In a May 2018 Living the Classical Life interview, the distinguished pianist, Emanuel Ax admitted that his "brain would be twice its size" had he played more Bach. "It is one of my great regrets that I did not play a lot, a lot, a lot" (three times reiterated) of this composer's music. "And of… Continue reading J.S. Bach and the Brain
One of the prevalent concerns of students, especially adults, surrounds the length of time they've invested in learning a particular composition. For some, an internalized goal of technical/musical "mastery" attaches a self-imposed deadline to completion. Boxed into this self-affixed learning time frame, is the end game of neatly shelving a composition as impetus to move… Continue reading The multi-step process of piano learning: but who’s counting?
For the past year I've devoted many daily hours to the study J.S. Bach's six French Suites while simultaneously keeping pace with my students' passage through diverse repertoire. The decision to take on this additional musical challenge apart from meeting my basic teacher obligations of being present at lessons; knowing the material assigned, and dispensing… Continue reading Our individual musical study grows our piano teaching
I'm the first to admit that not every learning journey through a particular composition will produce results we might have hoped for. After weeks or even months of methodical practicing in baby steps, we can find ourselves literally over a barrel, wading through ornaments, for example, that are crystal clear in slow tempo, but suffer… Continue reading Practicing Challenging Pieces: If we’re over a barrel, we can still learn something valuable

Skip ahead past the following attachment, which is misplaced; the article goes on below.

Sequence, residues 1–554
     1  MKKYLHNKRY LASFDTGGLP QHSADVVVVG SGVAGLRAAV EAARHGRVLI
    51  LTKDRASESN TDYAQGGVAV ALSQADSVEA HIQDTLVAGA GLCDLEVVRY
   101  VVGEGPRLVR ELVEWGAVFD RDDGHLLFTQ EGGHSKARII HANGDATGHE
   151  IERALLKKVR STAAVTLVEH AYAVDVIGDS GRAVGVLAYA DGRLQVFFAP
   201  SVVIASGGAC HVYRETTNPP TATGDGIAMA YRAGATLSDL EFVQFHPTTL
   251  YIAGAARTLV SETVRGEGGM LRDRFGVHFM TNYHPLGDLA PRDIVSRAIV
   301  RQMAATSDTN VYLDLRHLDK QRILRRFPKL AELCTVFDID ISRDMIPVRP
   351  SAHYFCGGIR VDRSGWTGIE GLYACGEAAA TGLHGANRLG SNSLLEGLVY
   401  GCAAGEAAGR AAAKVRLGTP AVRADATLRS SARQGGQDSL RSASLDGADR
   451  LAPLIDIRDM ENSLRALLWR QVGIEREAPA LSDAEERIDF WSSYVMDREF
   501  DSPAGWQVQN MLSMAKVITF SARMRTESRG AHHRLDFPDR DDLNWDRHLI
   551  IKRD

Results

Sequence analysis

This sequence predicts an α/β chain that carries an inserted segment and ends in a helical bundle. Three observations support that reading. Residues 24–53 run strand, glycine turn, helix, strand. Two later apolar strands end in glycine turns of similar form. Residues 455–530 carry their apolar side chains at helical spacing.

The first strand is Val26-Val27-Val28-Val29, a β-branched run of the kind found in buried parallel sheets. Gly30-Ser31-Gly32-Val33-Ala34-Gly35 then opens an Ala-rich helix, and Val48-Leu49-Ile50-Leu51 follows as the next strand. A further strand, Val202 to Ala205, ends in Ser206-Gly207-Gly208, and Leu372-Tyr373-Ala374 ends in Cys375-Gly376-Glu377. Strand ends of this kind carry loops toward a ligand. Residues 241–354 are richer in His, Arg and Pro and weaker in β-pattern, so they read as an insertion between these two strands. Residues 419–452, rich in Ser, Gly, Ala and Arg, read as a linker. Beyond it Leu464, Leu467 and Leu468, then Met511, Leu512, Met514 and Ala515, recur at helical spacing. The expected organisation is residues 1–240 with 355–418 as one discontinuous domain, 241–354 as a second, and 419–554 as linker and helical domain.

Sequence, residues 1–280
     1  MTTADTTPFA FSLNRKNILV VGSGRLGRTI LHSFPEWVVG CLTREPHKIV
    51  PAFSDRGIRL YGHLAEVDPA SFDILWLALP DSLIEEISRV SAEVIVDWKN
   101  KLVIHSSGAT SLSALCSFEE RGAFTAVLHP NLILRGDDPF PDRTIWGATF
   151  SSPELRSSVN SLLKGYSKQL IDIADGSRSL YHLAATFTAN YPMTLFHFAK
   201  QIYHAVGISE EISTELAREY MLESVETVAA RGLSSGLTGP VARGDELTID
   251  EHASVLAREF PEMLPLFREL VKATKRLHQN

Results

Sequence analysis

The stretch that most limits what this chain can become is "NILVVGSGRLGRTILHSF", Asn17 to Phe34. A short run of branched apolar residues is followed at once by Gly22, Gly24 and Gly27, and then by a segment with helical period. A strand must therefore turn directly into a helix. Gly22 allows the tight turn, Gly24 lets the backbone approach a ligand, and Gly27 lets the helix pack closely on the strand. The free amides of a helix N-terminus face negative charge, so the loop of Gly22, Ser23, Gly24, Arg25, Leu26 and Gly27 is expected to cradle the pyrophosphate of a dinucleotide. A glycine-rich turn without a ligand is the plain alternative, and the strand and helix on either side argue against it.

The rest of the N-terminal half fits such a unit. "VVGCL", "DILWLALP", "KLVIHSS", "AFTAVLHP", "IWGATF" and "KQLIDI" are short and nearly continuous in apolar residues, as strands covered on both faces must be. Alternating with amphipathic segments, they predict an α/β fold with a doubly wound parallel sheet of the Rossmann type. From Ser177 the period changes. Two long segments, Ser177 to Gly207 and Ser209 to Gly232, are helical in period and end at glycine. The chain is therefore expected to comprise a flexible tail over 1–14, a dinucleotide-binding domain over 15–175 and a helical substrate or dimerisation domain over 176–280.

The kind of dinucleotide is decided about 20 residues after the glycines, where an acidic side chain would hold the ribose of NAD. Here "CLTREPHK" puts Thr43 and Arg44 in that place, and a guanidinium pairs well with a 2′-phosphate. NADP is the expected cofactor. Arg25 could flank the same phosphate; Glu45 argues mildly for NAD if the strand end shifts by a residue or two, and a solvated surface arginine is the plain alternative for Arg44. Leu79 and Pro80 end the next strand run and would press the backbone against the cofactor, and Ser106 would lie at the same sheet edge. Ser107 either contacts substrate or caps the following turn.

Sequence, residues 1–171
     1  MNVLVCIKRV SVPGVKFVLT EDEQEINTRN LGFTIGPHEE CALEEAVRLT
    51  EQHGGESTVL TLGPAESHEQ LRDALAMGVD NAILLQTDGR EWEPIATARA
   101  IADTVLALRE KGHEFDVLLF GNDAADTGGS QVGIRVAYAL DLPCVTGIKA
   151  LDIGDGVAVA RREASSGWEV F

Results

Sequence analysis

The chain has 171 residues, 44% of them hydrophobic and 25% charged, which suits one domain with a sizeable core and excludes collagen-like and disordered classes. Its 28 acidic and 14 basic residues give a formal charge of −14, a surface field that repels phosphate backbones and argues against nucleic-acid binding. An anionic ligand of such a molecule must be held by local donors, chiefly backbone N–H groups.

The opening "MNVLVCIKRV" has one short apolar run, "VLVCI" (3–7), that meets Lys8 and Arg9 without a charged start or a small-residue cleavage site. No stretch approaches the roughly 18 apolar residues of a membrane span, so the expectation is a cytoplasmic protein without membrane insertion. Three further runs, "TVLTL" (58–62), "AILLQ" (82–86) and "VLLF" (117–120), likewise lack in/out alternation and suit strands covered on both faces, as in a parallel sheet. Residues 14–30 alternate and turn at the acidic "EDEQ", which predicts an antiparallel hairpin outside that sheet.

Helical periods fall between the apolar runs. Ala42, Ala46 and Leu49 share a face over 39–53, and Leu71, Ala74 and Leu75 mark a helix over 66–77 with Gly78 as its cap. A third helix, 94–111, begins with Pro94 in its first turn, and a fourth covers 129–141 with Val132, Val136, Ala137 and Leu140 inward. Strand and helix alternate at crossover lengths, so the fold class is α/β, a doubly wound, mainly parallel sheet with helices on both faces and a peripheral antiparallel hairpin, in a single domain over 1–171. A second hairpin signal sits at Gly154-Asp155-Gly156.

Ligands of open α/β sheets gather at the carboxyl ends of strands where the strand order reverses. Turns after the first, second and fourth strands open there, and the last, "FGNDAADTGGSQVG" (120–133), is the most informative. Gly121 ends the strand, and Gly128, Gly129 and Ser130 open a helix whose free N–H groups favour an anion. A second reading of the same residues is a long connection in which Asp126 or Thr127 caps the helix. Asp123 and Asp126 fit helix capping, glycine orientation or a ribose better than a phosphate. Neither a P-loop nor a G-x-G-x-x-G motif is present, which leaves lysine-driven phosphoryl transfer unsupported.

My students know that I say what I do, while they do as I say, with the understanding that we are perhaps interchanging the whole music learning process on an egalitarian basis. Therefore, it's no surprise that I regularly thank them for "teaching" me what I might otherwise have overlooked in my daily practicing. For… Continue reading My early learning efforts (J.S. Bach) under the influence of Peter Feuchtwanger
As I sit under a webcam mounted on a 7 foot tripod, I have an uneasy feeling that the cam will dislodge, reviving the nightmare of my head injury, sustained in a backwards fall on June 29th. What made things worse for my noggin was a jagged incline that caused brute force contact with the… Continue reading Before and After the Fall, Music Heals
I couldn't resist juxtaposing the importance of learning new and challenging music with an "eye" toward how we can best accomplish our short and long-term goals within our teaching milieu. (The EYE metaphor becomes CLEARER and dual serving as the posting progresses.) *** So many music teachers have a tight schedule of back-to-back students that… Continue reading Keeping up our skills as piano teachers, with an “eye” to taking on challenges